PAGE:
draft-ietf-kitten-gss-naming-00.txt   draft-ietf-kitten-gss-naming-01.txt 
Network Working Group S. Hartman Network Working Group S. Hartman
Internet-Draft MIT Internet-Draft MIT
Expires: May 31, 2005 November 30, 2004 Expires: August 21, 2005 February 20, 2005
Desired Enhancements to GSSAPI Naming Desired Enhancements to GSSAPI Naming
draft-ietf-kitten-gss-naming-00.txt draft-ietf-kitten-gss-naming-01.txt
Status of this Memo Status of this Memo
This document is an Internet-Draft and is subject to all provisions This document is an Internet-Draft and is subject to all provisions
of section 3 of RFC 3667. By submitting this Internet-Draft, each of section 3 of RFC 3667. By submitting this Internet-Draft, each
author represents that any applicable patent or other IPR claims of author represents that any applicable patent or other IPR claims of
which he or she is aware have been or will be disclosed, and any of which he or she is aware have been or will be disclosed, and any of
which he or she become aware will be disclosed, in accordance with which he or she become aware will be disclosed, in accordance with
RFC 3668. RFC 3668.
skipping to change at page 1, line 34 skipping to change at page 1, line 34
and may be updated, replaced, or obsoleted by other documents at any and may be updated, replaced, or obsoleted by other documents at any
time. It is inappropriate to use Internet-Drafts as reference time. It is inappropriate to use Internet-Drafts as reference
material or to cite them other than as "work in progress." material or to cite them other than as "work in progress."
The list of current Internet-Drafts can be accessed at The list of current Internet-Drafts can be accessed at
http://www.ietf.org/ietf/1id-abstracts.txt. http://www.ietf.org/ietf/1id-abstracts.txt.
The list of Internet-Draft Shadow Directories can be accessed at The list of Internet-Draft Shadow Directories can be accessed at
http://www.ietf.org/shadow.html. http://www.ietf.org/shadow.html.
This Internet-Draft will expire on May 31, 2005. This Internet-Draft will expire on August 21, 2005.
Copyright Notice Copyright Notice
Copyright (C) The Internet Society (2004). Copyright (C) The Internet Society (2005).
Abstract Abstract
The Generic Security Services API (GSS-API) provides a naming The Generic Security Services API (GSS-API) provides a naming
architecture that supports name-based authorization. GSS-API architecture that supports name-based authorization. GSS-API
authenticates two named parties to each other. Names can be stored authenticates two named parties to each other. Names can be stored
on access control lists to make authorization decisions. Advances in on access control lists to make authorization decisions. Advances in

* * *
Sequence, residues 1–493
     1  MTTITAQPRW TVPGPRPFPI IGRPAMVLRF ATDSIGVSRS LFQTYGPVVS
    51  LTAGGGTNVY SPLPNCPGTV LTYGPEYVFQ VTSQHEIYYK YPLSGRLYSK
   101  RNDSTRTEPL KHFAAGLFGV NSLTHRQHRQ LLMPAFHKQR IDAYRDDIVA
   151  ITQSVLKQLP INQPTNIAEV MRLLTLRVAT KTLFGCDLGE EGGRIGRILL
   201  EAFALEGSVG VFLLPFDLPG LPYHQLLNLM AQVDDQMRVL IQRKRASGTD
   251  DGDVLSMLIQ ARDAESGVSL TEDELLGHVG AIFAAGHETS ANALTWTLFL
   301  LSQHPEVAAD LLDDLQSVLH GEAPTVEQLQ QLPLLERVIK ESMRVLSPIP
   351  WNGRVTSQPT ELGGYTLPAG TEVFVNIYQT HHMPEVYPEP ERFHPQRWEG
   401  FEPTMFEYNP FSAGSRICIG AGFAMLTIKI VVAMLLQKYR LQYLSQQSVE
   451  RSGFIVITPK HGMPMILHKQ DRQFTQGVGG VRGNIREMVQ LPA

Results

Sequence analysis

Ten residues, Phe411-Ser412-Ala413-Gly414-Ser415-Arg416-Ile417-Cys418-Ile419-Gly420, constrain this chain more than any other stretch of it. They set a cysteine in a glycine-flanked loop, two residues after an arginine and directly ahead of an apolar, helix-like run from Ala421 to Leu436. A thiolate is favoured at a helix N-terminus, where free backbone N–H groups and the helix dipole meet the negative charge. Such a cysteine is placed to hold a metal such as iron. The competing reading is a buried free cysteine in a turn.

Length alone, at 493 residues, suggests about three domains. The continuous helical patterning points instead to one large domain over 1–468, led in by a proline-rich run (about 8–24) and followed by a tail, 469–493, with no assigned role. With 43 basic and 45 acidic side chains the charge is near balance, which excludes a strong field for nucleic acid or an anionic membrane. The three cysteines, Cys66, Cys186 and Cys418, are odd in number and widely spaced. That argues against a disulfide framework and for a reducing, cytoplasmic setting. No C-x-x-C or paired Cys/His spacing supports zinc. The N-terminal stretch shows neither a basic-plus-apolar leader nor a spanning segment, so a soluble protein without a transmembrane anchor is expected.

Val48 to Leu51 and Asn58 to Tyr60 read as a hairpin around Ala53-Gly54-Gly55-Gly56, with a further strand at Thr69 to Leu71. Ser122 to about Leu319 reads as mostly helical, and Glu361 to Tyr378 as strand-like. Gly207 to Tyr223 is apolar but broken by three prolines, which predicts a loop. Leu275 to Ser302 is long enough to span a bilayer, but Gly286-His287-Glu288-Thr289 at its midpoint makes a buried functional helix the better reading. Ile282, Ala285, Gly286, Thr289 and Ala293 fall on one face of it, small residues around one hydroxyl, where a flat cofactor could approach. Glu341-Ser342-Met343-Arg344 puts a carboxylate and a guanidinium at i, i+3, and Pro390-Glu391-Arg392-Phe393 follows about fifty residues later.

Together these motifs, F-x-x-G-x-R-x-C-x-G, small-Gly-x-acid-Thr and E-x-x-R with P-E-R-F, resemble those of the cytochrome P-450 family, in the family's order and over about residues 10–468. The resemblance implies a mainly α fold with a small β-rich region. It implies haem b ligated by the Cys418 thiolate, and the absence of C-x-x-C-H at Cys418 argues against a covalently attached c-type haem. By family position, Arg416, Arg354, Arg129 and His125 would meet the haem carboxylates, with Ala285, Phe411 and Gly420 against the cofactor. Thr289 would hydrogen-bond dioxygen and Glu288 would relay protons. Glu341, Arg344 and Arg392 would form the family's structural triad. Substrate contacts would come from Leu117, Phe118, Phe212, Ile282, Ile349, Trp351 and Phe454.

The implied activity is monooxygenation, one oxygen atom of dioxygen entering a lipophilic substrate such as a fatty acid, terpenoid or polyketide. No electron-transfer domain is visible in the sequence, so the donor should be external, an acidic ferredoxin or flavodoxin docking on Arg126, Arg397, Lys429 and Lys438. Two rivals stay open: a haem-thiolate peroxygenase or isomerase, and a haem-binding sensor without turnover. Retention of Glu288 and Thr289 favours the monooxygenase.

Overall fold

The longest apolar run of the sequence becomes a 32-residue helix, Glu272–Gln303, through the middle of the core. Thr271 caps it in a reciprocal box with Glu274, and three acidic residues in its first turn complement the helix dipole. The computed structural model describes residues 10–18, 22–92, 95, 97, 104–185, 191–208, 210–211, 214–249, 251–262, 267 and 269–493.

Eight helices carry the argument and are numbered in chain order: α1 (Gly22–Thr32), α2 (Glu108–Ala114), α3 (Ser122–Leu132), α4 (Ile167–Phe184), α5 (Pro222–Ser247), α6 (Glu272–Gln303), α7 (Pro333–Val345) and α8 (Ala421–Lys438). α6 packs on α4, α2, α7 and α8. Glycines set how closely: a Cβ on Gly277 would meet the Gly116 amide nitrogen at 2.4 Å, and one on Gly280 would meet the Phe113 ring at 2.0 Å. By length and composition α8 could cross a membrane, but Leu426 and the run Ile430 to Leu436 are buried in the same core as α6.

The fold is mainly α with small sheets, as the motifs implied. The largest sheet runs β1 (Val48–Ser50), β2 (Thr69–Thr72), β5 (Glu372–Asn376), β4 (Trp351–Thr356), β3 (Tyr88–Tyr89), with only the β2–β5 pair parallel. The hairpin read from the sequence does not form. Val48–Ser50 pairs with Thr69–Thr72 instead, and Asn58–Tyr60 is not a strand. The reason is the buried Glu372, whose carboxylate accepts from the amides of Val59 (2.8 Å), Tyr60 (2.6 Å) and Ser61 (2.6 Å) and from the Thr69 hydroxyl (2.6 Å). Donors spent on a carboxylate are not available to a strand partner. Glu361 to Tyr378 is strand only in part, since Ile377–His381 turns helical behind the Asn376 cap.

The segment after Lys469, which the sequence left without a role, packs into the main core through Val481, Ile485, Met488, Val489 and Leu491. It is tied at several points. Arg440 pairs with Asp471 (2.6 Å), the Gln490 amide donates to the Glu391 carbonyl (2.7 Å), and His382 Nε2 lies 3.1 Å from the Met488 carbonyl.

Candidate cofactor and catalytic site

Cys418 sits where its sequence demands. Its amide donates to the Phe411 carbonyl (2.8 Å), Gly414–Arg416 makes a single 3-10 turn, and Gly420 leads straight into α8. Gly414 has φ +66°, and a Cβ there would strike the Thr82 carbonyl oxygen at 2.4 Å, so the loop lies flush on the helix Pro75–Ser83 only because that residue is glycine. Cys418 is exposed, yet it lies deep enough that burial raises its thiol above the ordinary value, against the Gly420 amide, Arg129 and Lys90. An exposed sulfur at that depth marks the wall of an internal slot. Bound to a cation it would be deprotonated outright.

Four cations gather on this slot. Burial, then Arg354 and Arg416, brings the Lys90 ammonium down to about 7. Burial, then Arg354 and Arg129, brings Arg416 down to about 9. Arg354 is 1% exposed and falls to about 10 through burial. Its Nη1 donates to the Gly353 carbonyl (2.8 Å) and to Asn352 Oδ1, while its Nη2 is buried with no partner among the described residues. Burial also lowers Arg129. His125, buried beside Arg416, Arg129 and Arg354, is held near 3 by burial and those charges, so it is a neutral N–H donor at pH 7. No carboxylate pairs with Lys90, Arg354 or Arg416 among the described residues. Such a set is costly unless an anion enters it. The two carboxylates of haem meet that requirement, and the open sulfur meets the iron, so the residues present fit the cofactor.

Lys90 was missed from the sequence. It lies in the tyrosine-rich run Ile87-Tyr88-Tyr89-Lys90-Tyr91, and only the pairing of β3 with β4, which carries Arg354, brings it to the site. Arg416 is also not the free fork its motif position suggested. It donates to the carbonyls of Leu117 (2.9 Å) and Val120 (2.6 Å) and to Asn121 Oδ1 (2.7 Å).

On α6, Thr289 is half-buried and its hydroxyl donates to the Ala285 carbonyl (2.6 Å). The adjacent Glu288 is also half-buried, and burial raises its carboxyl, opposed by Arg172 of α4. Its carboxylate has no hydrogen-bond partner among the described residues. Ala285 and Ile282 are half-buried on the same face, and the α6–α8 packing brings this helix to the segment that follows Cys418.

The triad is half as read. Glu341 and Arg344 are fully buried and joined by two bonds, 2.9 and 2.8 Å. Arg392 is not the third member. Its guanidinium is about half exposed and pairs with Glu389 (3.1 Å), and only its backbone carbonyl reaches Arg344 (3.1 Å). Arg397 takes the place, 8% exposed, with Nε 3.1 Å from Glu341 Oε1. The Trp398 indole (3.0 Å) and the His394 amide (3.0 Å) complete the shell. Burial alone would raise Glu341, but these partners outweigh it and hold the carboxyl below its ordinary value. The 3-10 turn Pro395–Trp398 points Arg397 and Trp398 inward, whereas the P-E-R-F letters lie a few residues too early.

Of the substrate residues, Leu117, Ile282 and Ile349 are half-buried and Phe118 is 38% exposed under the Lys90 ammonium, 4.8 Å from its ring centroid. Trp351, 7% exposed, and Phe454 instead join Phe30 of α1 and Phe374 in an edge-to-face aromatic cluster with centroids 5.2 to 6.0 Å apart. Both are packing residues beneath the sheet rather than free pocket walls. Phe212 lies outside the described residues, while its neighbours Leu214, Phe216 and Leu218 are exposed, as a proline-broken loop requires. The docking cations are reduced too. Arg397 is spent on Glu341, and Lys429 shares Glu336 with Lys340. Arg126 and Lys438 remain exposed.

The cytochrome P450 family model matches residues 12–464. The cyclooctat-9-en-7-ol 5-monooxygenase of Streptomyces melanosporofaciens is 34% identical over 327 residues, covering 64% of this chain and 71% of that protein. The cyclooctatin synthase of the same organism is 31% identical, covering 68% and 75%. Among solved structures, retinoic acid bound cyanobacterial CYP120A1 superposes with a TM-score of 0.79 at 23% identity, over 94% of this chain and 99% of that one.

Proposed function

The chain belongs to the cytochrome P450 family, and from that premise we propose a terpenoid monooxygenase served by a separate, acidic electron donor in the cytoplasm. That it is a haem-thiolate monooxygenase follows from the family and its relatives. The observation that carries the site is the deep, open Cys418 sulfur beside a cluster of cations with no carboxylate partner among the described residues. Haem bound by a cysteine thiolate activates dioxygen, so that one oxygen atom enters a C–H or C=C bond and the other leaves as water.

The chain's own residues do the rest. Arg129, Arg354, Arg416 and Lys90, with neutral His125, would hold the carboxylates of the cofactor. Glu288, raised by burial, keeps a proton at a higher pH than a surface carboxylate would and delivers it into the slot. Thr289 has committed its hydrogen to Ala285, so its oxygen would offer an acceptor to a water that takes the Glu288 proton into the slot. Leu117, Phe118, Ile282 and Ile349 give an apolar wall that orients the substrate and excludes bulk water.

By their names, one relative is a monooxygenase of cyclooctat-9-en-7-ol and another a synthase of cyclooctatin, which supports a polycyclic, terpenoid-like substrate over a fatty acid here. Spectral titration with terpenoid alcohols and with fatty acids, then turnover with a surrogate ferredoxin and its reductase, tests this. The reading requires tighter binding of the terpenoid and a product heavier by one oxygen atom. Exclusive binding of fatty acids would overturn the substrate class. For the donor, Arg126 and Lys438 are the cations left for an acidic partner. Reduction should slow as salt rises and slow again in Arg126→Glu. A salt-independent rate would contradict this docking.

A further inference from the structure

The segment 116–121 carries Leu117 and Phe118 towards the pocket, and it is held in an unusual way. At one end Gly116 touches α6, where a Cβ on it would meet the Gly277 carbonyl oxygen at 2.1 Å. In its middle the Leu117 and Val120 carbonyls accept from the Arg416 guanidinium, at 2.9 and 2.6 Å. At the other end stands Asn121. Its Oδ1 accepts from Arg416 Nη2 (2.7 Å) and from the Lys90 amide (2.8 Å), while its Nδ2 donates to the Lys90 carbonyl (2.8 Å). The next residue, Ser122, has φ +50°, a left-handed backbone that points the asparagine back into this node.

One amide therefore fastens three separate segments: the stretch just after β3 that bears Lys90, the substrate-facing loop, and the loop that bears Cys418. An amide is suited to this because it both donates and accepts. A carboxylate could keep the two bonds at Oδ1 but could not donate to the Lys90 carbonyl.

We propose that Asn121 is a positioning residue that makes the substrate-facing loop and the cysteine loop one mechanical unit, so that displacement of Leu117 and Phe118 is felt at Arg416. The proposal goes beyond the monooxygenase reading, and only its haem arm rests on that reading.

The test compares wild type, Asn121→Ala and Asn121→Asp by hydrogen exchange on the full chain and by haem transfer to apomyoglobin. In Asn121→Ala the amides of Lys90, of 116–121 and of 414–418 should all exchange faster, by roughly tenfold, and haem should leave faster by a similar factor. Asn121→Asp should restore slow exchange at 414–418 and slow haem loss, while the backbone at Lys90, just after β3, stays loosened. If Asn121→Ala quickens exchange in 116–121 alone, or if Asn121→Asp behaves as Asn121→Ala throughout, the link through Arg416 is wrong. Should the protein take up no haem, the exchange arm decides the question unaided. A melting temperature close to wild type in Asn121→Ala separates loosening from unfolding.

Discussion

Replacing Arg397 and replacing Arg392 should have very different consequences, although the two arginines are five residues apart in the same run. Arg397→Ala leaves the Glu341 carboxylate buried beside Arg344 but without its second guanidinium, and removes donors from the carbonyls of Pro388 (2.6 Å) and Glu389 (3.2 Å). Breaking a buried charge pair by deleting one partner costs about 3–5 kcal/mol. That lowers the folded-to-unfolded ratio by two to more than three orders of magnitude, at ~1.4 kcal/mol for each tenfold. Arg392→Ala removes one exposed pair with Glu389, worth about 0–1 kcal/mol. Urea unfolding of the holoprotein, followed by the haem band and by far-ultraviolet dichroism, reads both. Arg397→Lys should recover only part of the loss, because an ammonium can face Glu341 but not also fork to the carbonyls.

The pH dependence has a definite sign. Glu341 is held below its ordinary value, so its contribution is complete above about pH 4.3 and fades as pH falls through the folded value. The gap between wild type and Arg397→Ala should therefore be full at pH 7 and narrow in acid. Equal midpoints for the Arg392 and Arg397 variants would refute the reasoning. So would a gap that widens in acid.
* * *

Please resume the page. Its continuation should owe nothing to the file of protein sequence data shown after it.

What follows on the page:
security mechanisms and the way implementers wish to use GSS-API security mechanisms and the way implementers wish to use GSS-API
require this model to be extended. Some mechanisms such as require this model to be extended. As people move within an
public-key mechanisms do not have a single name to be used across all organization or change their names, the name authenticated by GSS-API
environments. Other mechanisms such as Kerberos allow names to may change. Using some sort of constant identifier would make ACLs
change as people move around organizations. This document proposes more stable. Some mechanisms such as public-key mechanisms do not
expanding the definition of GSS-API names to deal with these have a single name to be used across all environments. Other
situations. mechanisms such as Kerberos include may include group membership or
role information as part of authentication. This document motivates
extensions to GSS-API naming and describes the extensions under
discussion.
1. Introduction 1. Introduction
The Generic Security Services API [1] authenticates two named parties The Generic Security Services API [2] authenticates two named parties
to each other. GSS names can be imported in a variety of formats to each other. GSS names can be imported in a variety of formats
through the gss_import_name call. Several mechanism-independent name through the gss_import_name call. Several mechanism-independent name
formats such as GSS_C_NT_HOSTBASED_SERVICE for services running on an formats are provided including GSS_C_NT_HOSTBASED_SERVICE for
Internet host and GSS_C_NT_USER_NAME for the names of users. Other services running on an Internet host and GSS_C_NT_USER_NAME for the
mechanism-specific name types are also provided. By the time a name names of users. Other mechanism-specific name types are also
is used in acquiring a mechanism-specific credential or establishing provided. By the time a name is used in acquiring a
a security context, it has been transformed into one of these mechanism-specific credential or establishing a security context, it
mechanism-specific name types. In addition, the GSS-API provides a has been transformed into one of these mechanism-specific name types.
function called gss_export_name that will flatten a GSS-API name into In addition, the GSS-API provides a function called gss_export_name
a binary blob suitable for comparisons. This binary blob can be that will flatten a GSS-API name into a binary blob suitable for
stored on ACLs and then authorization decisions can be made simply by comparisons. This binary blob can be stored on ACLs and then
comparing the name exported from a newly accepted context to the name authorization decisions can be made simply by comparing the name
on the ACL. exported from a newly accepted context to the name on the ACL.
Inherent in this model is the idea that mechanism names need to be
able to be represented in a single canonical form. Anyone importing
that name needs to be able to retrieve the canonical form of that
name.
Several security mechanisms have been proposed for which this naming
architecture is too restrictive. In some cases it is not always
possible to canonicalize any name that is imported. In other cases
there is no single canonical name.
Storing names on ACLs can be problematic because names tend to change Storing names on ACLs can be problematic because names tend to change
over time . If the name contains organizational information such as over time . If the name contains organizational information such as